Grandparent Custody in Montgomery County PA

Grandparents are a fixture in many children’s lives.  You find them at their grandchildren’s sports games, talent shows, birthday parties, award ceremonies, and the like.  Many times, their involvement is a given, and grandchildren don’t think twice about their presence. In fact, for some children, grandparents are like a second set of parents. But, as a family law attorney, I occasionally have clients who are not permitted to see their grandchildren.  These men and women simply want a relationship, sometimes something as simple as the opportunity to take their grandchild out for a meal, but their children (the parents of their grandchildren), do not allow any contact or communication. As grandparents, what rights, if any, do you have to see your grandchildren?

Pennsylvania, like most states, allows grandparent custody rights under certain and very narrow circumstances. In no case, however, do grandparents have the right to custody when the children are in an intact family. Raising children is a fundamental, constitutional right of parents, unless the children are neglected or abused, which then gives the state the power to intervene in the children’s custody.

Grandparents and great-grandparents as well as other third parties, may qualify for primary physical custody and legal custody (the right to make major decisions affecting the child) if they stand in loco parentis to the child. That is, they have assumed the duties and obligations of a parent. A grandparent or great-grandparent who is not in loco parentis to the child, may file an action for any form of custody if the following conditions are met:

  1. Their relationship with the child began either with the consent of a parent of the child or under a court order;
  2. The grandparent is willing to assume responsibility for the child; and
  3. When one of the following conditions is met:
    • The child has been determined to be a dependent child;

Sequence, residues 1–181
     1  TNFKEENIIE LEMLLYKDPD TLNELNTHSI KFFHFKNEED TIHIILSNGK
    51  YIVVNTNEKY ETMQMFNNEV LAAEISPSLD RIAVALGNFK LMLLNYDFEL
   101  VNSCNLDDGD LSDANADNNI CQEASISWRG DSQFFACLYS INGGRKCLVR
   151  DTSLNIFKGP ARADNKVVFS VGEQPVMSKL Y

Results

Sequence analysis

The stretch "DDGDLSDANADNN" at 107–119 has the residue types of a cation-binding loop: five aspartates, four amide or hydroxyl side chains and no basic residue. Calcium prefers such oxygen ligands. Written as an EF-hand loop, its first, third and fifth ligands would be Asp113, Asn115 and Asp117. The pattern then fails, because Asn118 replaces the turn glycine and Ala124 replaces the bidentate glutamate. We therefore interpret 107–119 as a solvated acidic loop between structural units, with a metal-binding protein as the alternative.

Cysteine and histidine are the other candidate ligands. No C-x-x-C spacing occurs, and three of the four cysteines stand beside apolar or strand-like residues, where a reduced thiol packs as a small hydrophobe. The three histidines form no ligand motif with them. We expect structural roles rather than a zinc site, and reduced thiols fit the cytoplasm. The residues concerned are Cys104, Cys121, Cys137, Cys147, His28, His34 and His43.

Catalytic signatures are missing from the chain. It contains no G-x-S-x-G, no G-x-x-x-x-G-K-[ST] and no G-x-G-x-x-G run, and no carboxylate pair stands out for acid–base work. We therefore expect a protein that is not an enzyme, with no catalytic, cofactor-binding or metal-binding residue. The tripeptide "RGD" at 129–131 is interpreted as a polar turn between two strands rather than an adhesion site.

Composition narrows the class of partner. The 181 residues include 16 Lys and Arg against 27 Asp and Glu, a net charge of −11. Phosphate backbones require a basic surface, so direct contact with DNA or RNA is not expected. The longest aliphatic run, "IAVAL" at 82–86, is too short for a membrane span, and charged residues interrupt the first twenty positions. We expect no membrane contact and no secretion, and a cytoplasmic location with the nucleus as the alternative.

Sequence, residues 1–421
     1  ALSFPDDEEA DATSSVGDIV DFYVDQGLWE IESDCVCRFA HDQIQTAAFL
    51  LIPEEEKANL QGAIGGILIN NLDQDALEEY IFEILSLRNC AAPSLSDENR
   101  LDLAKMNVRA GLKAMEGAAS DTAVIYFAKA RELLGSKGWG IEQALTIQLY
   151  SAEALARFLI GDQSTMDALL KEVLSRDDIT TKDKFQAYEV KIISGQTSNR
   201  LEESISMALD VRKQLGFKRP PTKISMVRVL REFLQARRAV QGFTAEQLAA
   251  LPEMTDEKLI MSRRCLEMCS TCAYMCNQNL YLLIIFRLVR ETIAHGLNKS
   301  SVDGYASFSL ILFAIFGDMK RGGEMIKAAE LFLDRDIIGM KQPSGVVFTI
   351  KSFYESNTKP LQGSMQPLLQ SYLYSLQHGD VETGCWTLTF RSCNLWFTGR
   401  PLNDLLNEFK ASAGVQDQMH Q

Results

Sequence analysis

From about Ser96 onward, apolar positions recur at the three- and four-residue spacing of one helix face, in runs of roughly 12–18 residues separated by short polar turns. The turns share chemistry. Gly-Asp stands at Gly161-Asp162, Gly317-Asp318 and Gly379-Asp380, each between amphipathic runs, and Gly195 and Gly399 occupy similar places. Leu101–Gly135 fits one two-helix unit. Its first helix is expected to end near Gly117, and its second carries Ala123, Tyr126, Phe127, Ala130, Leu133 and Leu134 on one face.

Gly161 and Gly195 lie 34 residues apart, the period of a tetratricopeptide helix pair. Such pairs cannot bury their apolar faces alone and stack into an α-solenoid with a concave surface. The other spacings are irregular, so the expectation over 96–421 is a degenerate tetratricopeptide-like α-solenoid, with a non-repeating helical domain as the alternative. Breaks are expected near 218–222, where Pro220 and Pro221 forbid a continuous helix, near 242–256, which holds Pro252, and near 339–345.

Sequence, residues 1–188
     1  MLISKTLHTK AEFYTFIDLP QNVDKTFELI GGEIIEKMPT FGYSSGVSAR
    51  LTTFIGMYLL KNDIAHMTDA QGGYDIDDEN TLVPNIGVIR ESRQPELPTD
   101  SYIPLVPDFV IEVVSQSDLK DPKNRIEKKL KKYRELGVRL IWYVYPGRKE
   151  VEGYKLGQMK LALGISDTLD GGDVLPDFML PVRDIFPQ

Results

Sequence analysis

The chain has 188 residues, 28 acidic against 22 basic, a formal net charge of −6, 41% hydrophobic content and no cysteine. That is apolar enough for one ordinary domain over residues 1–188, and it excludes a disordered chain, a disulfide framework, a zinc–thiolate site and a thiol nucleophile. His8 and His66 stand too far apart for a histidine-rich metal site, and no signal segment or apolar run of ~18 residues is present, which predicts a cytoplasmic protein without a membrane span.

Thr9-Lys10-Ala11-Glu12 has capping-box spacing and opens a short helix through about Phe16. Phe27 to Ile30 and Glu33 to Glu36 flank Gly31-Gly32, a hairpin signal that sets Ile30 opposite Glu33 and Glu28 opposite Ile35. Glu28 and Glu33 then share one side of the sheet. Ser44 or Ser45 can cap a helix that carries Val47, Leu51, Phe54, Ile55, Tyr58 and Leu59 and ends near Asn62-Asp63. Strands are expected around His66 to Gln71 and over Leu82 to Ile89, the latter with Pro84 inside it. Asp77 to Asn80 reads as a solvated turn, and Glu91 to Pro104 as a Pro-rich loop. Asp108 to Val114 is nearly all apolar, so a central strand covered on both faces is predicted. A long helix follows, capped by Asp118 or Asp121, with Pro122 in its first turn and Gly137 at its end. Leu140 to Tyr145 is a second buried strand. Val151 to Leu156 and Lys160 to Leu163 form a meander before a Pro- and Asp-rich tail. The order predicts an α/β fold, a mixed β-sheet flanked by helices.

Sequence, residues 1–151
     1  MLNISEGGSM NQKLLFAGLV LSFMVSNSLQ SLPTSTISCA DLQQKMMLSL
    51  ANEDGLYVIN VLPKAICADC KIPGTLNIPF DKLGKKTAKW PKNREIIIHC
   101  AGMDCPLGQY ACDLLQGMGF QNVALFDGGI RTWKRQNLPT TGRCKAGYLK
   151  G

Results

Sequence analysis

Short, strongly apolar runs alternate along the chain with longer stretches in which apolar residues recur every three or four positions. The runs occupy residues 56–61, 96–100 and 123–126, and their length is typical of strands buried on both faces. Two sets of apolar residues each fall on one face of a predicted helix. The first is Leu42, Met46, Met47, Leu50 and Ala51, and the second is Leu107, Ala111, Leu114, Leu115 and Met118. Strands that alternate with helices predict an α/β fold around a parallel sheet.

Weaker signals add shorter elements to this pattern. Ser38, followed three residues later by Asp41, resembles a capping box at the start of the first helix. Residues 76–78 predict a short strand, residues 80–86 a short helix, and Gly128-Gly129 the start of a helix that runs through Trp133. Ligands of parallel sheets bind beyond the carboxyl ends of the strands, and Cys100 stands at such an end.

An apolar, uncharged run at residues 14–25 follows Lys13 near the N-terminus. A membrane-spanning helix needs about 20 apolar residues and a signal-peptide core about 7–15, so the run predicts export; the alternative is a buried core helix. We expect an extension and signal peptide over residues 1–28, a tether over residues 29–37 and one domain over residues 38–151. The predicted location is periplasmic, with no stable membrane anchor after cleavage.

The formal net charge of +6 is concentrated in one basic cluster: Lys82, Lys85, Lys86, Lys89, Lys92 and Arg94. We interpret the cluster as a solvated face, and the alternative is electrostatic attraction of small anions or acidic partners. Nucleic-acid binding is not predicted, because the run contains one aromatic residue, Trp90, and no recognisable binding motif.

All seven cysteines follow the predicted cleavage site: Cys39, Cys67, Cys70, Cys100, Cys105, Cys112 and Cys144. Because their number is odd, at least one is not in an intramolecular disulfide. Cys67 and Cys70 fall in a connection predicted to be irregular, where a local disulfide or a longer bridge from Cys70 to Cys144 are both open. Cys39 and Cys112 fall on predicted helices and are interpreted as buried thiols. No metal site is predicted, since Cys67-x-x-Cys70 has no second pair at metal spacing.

• The child is substantially at risk due to parental abuse, neglect, drug or alcohol abuse or incapacity; or
    • The child has, for a period of at least twelve (12) consecutive months, resided with the grandparent, excluding brief absences from the home, and is removed from the home by the parents, in which case the action must be filed within six months after the removal of the child from the home.

In addition to the above situations, the grandparent custody statue also grants standing (i.e. the right to bring legal action) to grandparents and great grandparents to seek partial or supervised custody of their grandchildren when:

  1. either parent of the child is deceased, a parent or grandparent of the deceased parent may file an action;
  2. the parents of the child have commenced and continued divorce proceedings; or
  3. When the child has, for a period of at least twelve (12) consecutive months, resided with the grandparent or great-grandparent, excluding brief temporary absences of the child from the home, and is removed from the home by the parents, in which case an action must be filed within six (6) months after the removal of the child from the home.

Supervised custody is what was previously referred to as “visitation” in that the child does not leave the parent’s custody; rather, the grandparent “visits” at the parent’s home. For either of these forms of custody, the grandparent has to first establish that one of the three sections pertain to them.

Once the grandparent has established standing, the same custody factors that apply to parents will be used by the court in determining whether grandparents should be granted custody. Additional factors are also considered for grandparents, including whether granting custody to a grandparent would interfere with the parent-child relationship.  Ultimately, the court must be convinced that grandparent contact is in the child’s best interests.

If you are a grandparent and you are wondering whether you have any rights to see your grandchild, please contact Melissa A. Iacobucci, Esquire to schedule your consultation.

This article was written by: Melissa A. Iacobucci, Esquire & Victoria S. Hollister, Esquire

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